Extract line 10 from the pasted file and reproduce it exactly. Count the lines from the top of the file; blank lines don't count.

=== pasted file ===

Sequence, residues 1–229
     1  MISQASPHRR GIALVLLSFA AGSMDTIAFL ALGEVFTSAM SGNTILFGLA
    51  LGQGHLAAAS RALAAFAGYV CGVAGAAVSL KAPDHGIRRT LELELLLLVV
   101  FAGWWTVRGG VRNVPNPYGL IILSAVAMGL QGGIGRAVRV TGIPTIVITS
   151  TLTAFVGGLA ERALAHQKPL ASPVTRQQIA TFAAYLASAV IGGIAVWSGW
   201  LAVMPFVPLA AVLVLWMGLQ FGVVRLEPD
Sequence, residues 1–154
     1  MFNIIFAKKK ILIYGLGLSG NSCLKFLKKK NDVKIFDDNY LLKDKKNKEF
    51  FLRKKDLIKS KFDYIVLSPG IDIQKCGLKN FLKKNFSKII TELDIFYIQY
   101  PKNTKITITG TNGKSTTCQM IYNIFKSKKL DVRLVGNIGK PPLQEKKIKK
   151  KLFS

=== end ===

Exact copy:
   101  PKNTKITITG TNGKSTTCQM IYNIFKSKKL DVRLVGNIGK PPLQEKKIKK